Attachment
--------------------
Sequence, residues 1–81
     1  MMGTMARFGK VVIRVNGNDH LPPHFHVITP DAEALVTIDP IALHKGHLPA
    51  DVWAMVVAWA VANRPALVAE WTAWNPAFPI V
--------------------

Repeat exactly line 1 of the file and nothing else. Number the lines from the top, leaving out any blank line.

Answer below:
Sequence, residues 1–81